Approximately 1 in 20 Americans have been affected by identity fraud. According to the Javelin 2020 Identity Fraud Report, approximately 13 million Americans every year face some form of identity fraud, including credit card fraud, account takeovers, and government benefits fraud.
While many individuals and organizations have become accustomed to the risk of identity fraud, the recent rise in 401(k) theft perpetrated by strangers is cause for renewed concern.
Protecting Your Retirement
Monitored less frequently and typically containing significantly more than bank accounts, retirement accounts have a distinct appeal to thieves. As thieves set their eyes on retirement accounts, which are not subject to federally imposed limited consumer liability, workers and retirees may need to take a more active role in protecting their 401(k) accounts.
Companies administering 401(k) plans attempt to thwart hackers by spending millions and constantly upgrading security measures to stay one step ahead of hackers. Despite these efforts, breaches happen and consumers lose personal information and sometimes significant portions of their retirement funds.
These companies often have reimbursement policies for theft from retirement accounts. The policies may depend on the individual’s ability to prove they practice sufficient cybersecurity.
Practicing good cybersecurity and protecting your 401(k) may begin with the following steps:
- Having an online account for your retirement fund denies thieves the opportunity to take control of your unclaimed online account.
- Actively monitor your 401(k) account by signing up for alerts and frequently verifying your information.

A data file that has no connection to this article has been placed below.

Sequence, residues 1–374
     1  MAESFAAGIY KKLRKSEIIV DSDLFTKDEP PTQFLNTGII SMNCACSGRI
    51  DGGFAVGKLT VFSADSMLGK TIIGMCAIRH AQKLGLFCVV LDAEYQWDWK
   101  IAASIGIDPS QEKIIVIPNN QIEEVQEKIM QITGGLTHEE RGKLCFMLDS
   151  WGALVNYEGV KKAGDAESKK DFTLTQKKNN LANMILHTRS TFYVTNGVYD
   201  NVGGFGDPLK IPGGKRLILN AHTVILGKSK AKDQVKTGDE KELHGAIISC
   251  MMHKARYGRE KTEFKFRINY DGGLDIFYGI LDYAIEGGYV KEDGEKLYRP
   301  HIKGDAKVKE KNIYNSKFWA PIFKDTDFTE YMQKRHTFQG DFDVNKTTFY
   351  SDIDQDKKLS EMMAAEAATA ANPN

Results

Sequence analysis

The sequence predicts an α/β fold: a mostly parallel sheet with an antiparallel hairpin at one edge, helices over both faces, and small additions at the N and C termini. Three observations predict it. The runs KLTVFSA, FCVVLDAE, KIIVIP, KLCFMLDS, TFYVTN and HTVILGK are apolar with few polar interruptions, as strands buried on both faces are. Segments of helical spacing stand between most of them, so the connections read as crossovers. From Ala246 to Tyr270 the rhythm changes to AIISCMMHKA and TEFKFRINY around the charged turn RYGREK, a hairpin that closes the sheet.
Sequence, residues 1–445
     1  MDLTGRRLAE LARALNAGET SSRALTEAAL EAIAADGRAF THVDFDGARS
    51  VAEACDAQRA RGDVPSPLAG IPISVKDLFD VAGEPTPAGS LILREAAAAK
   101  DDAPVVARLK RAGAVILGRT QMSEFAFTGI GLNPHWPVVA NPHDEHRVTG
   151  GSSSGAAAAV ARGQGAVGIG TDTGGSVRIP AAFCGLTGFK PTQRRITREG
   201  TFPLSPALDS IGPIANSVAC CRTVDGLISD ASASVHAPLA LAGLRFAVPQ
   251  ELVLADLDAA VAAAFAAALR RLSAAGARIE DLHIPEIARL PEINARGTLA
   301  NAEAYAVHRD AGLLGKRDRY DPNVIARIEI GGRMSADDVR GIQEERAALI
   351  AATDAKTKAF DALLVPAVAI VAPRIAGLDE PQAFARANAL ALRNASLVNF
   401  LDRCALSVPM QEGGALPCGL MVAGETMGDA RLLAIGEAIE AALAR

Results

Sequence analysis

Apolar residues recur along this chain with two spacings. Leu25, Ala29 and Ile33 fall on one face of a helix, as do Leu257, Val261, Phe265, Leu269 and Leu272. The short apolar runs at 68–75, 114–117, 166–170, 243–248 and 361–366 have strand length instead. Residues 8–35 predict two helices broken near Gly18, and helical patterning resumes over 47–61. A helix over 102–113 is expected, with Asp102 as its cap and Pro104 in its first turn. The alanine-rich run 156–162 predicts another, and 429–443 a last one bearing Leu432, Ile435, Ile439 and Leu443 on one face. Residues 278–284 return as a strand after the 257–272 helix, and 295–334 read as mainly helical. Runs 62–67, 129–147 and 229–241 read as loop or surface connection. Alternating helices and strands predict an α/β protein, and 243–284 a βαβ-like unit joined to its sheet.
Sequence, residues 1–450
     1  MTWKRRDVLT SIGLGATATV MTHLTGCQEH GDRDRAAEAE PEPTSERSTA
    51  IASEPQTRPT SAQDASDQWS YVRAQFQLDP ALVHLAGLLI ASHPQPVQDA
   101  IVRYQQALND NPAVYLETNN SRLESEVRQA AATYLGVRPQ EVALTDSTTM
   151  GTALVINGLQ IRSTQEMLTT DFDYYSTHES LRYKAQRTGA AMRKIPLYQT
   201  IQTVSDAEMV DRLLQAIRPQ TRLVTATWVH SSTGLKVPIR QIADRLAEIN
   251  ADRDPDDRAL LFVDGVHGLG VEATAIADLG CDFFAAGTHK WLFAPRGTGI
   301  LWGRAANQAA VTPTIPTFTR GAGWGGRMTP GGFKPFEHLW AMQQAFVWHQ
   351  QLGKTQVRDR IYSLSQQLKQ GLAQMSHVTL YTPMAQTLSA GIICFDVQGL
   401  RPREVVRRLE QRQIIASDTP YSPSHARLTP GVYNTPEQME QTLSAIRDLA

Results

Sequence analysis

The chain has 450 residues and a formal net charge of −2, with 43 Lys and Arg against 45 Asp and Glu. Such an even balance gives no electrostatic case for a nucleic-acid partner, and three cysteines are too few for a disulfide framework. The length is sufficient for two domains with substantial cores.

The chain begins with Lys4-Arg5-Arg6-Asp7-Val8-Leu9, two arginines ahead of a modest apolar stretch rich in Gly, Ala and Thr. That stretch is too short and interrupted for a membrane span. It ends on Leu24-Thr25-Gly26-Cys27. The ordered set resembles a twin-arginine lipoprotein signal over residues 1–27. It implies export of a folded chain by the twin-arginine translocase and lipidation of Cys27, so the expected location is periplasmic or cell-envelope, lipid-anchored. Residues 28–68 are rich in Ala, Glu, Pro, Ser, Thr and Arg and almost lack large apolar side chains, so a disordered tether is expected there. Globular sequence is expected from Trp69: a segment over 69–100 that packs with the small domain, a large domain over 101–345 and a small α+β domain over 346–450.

- Sign up for two-factor identification to deter thieves attempting to utilize stolen information.
- Check in regularly. Check your 401(k) account, including your email and street addresses, at least monthly. Sign up for text alerts that notify you of changes or transactions and use multifactor authentication, which verifies your identity by sending codes to multiple devices.
- Do not use public Wi-Fi. When used without a VPN, public Wi-Fi can be an open invitation for thieves.
- Avoid clicking links in emails, especially emails requesting personal information.
- Install software updates when available. These updates can be essential for closing gaps in your computer’s security.
- Use secure passwords. A secure password is unique to a given site and contains a mix of upper and lowercase letters, numbers, and symbols.
Cyber thieves targeting retirement accounts is a troubling development. As laws and 401(k) plans adapt to this rising threat, SDC CPAs recommends being proactive and following the cybersecurity steps above. The time it takes to practice good internet hygiene is negligible compared to the potentially devastating consequences of not doing so.